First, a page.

I am just going to pretend that the summer is not fading away, but is in full swing in all its glory. It is difficult to believe that September is a month away when summer squash, corn, tomatoes, cucumbers, stone fruit, fresh herbs, and green beans are now ripening at a sprinters pace. This time of year is wonderful, with many sunny days and cooler nights, but I am not ready for fall to be around the corner. I want summer to last, as it is my favorite season.
Over this past month, I wanted to make zucchini fritters. This obsession came out of the blue. Maybe because I always wanted to make them, but never got around to do it. I like all kinds of fritters. They are fun tasting with less filler than cakes. Making fritters is like producing a solo play with just enough supporting acts to hold the production together. For this production zucchini is the star attraction with just the right amount of extra ingredients to keep its shape.
I never made fritters before, and wanted to make some that are different from the traditional zucchini pancakes I am familiar with. After some searching, I found a fritter recipe with a southwestern take on a Mediterranean classic, zucchini fritters with cheddar cheese and oregano by Deborah Madison. This recipe is from her latest cookbook, In My Kitchen, (Ten Speed Press 2017). She is one of my favorite cookbook authors and is a valuable resource for me. If you need a good vegetarian cookbook, anyone of her books are a great choices. I believe she helped change vegetarian cooking from its cardboard tasting roots in the 1970’s, to the lively and fresh cuisine it is today.
Her zucchini fritters are different. Besides using non traditional ingredients, she slices the zucchini into thin coins instead of grating them. They look beautiful and unmistakable for what they are. The zucchini slices are visible and overlap each other to form a cake with flecks of fresh herbs and clusters of crunchy cheese and bread crumbs mixed in.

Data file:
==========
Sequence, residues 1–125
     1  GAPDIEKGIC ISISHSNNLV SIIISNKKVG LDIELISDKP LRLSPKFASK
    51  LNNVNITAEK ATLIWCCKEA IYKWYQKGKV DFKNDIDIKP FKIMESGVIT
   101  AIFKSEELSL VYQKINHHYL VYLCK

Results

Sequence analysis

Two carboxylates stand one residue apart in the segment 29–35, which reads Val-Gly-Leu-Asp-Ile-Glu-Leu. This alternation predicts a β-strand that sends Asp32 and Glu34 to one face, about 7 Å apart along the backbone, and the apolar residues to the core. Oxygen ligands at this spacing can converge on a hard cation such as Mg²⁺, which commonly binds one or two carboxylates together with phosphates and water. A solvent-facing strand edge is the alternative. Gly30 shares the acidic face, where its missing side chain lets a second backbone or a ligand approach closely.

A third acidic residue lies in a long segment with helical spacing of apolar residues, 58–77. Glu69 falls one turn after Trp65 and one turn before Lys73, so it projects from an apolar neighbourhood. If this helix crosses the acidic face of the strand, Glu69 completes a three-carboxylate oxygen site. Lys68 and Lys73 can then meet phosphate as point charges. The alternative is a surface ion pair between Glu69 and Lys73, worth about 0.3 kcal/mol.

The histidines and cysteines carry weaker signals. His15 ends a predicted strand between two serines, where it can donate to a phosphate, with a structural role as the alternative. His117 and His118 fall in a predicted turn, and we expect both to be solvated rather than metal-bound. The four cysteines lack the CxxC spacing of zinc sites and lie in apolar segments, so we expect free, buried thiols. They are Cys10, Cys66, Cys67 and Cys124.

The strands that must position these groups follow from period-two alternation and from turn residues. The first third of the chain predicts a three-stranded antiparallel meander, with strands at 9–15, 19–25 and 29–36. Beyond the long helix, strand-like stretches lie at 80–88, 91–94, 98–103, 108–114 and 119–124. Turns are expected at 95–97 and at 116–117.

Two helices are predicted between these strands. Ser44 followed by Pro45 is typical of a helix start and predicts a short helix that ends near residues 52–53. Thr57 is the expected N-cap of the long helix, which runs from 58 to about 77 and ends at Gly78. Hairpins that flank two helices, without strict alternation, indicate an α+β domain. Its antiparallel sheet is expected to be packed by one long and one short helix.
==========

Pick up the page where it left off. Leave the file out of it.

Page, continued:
I found it a little more challenging to shape each pancake, but it is worth the effort. Honestly, I am not sure how Deborah Madison artfully formed her fritters. She did not include instructions describing her process in the recipe. The several times I made them, I did the best I could with what I knew. If the thought of shaping these fritters intimidates you, please put the thought out of your head. This is your meal, shape your fritters anyway you want. Scooping up batter with a spoon and sliding the batter in the skillet works just as well. Yet please take Deborah Madison’s advice, do not apologize if they don’t turn out the way you want. You just made a homemade meal. No apologies are necessary. They might not look how you hoped, but they will still taste great.
More zucchini recipes: Zucchini Fritatta, Zucchini and Corn Salad with Avocado and Pistachios, Marinated Zucchini
I made some changes to her recipe. First, she uses fresh oregano and a lot of it. It was too much oregano for me, (which is hard to believe because I am always adding more fresh herbs than a recipes calls for). Also oregano can get very bitter, so it is not one of my favorites. I replaced the oregano with basil. I love basil with zucchini and it worked with the cheddar. Feel free to experiment with other herbs you like, and if you love oregano, go for it.